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Title: Effect of finishing steers on different forages or high concentrate diet on rib composition, color, and palatability

Author
item Duckett, S
item Neel, James - Jim
item Fontenot, J
item Clapham, William

Submitted to: Journal of Animal Science Supplement
Publication Type: Abstract Only
Publication Acceptance Date: 3/6/2008
Publication Date: 7/11/2008
Citation: Duckett, S.K., Neel, J.P., Fontenot, J.P., Clapham, W.M. 2008. Effect of finishing steers on different forages or high concentrate diet on rib composition, color, and palatability. Journal of Animal Science Supplement. 86(E-Suppl.2):382.

Interpretive Summary:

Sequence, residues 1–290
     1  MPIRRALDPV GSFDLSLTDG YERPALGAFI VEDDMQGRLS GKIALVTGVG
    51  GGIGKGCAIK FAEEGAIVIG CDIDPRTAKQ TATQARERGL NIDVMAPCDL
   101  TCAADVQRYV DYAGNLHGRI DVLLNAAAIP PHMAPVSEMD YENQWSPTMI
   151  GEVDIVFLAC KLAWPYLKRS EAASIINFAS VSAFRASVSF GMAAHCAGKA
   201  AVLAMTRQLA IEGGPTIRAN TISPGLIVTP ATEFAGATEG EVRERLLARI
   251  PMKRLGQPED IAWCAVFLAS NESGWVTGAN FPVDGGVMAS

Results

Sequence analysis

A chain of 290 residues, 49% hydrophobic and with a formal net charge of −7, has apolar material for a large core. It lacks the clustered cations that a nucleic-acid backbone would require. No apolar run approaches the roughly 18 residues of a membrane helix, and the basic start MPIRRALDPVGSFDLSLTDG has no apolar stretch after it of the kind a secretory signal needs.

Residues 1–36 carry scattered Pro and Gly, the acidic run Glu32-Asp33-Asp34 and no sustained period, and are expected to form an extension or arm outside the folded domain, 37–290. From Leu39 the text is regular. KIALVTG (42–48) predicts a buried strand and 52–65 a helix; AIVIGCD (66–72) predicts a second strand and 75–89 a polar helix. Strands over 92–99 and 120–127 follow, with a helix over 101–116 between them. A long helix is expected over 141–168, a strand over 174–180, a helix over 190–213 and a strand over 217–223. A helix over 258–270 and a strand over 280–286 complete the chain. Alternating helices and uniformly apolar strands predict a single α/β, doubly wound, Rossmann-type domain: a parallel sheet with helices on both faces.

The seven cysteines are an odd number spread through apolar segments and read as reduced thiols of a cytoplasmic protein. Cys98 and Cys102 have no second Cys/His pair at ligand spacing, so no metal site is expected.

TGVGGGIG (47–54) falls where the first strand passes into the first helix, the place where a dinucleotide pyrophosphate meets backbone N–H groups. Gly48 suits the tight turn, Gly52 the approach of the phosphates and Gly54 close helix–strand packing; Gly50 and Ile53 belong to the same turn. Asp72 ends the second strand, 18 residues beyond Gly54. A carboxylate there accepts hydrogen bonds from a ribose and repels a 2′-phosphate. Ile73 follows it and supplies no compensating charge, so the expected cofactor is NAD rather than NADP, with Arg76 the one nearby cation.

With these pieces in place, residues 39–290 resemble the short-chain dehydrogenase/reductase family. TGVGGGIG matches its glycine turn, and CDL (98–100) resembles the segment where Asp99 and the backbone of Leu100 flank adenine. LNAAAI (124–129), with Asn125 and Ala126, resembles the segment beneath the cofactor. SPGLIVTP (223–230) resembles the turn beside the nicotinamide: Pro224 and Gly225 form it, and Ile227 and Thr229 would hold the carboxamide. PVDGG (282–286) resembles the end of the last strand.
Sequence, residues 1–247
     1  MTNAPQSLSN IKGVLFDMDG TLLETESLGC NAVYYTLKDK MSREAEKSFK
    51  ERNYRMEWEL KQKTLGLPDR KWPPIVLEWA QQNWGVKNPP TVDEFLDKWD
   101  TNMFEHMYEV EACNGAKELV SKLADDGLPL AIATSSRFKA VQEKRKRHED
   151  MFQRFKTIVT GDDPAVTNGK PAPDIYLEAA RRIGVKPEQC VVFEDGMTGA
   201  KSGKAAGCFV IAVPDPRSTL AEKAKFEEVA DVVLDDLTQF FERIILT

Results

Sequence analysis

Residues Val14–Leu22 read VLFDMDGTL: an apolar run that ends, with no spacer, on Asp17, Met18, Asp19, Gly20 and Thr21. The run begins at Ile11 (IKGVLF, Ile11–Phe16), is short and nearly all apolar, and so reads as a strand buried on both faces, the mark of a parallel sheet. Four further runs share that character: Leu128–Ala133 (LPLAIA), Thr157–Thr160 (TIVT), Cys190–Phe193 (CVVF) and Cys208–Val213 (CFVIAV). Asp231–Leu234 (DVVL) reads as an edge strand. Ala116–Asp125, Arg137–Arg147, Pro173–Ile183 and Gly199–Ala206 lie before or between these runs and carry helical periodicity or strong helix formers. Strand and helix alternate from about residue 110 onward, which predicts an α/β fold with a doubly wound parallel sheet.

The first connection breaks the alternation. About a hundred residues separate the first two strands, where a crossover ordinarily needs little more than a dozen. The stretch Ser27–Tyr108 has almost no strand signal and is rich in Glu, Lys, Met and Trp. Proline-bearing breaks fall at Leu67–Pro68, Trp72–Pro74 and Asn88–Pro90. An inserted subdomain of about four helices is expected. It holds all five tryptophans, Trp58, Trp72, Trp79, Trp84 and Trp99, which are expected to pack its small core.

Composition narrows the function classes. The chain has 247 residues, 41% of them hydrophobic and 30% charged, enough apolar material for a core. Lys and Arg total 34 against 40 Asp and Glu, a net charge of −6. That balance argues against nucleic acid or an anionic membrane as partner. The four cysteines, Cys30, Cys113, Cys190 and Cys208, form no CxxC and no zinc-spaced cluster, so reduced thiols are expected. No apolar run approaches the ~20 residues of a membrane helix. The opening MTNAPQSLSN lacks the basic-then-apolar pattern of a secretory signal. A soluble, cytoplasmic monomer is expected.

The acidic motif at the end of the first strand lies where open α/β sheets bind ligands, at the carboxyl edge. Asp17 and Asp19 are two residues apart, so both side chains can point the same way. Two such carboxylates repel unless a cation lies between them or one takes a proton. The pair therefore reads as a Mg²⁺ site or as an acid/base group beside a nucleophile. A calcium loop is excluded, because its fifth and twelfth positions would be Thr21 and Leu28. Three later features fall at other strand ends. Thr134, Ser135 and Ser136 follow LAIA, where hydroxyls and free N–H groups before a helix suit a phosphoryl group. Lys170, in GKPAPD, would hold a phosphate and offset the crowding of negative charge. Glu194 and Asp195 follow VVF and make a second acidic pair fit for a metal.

Technical Abstract: Angus-crossbred steers (n = 128) were used to determine the effects of forage species grazed in the last 41 d or high concentrate finishing on rib composition, color, and palatability of beef. Steers grazed mixed pastures (bluegrass/white clover) for 93 d and then grazed alfalfa (AL; n = 36), pearl millet (PM; n = 24), or mixed (MP; n = 36) pastures for the final 41 d of finishing. Due to drought conditions in year 3, steers did not graze PM pastures. Steers were also finished on traditional high concentrate diets (C; n = 32) for 134 d. Total lipid content of LM was 60% lower (P < 0.01) for forage-finished than C with no differences among forage species. Saturated fatty acid percentage was higher (P < 0.05) for AL, PM, and MP than C due to greater (P < 0.05) concentrations of stearic acid. Monounsaturated fatty acid (MUFA) percentage was higher (P < 0.05) for C than all forage-finished treatments. MUFA was also higher (P < 0.05) in PM than AL. Omega-6 fatty acid concentration was higher (P < 0.05) for AL than PM and C with MP intermediate. Linolenic acid and total omega-3 fatty acid concentrations were higher (P < 0.05) for AL than MP and PM, which were also greater (P < 0.05) than C. The ratio of omega-6 to omega-3 fatty acids was lower (P < 0.05), hence more desirable from a human health standpoint, for forage-finished (1.27) than C (6.07). Trans-11 vaccenic acid (TVA) concentration was greater (P < 0.05) for forage-finished than C; whereas, trans-10 octadecenoic acid concentration was greater (P < 0.05) for C than forage-finished. The cis-9 trans-11 isomer of conjugated linoleic acid (CLA) concentration was greater (P < 0.05) for PM than AL and MP. CLA percentages were higher (P < 0.05) for all forage species compared to C. Forage species grazed during the final 41 d of finishing altered the concentrations of CLA, MUFA, omega-6 and omega-3 fatty acids. Forage finished beef was leaner and contained greater concentrations of CLA, TVA, and omega-3 fatty acids than concentrate finished.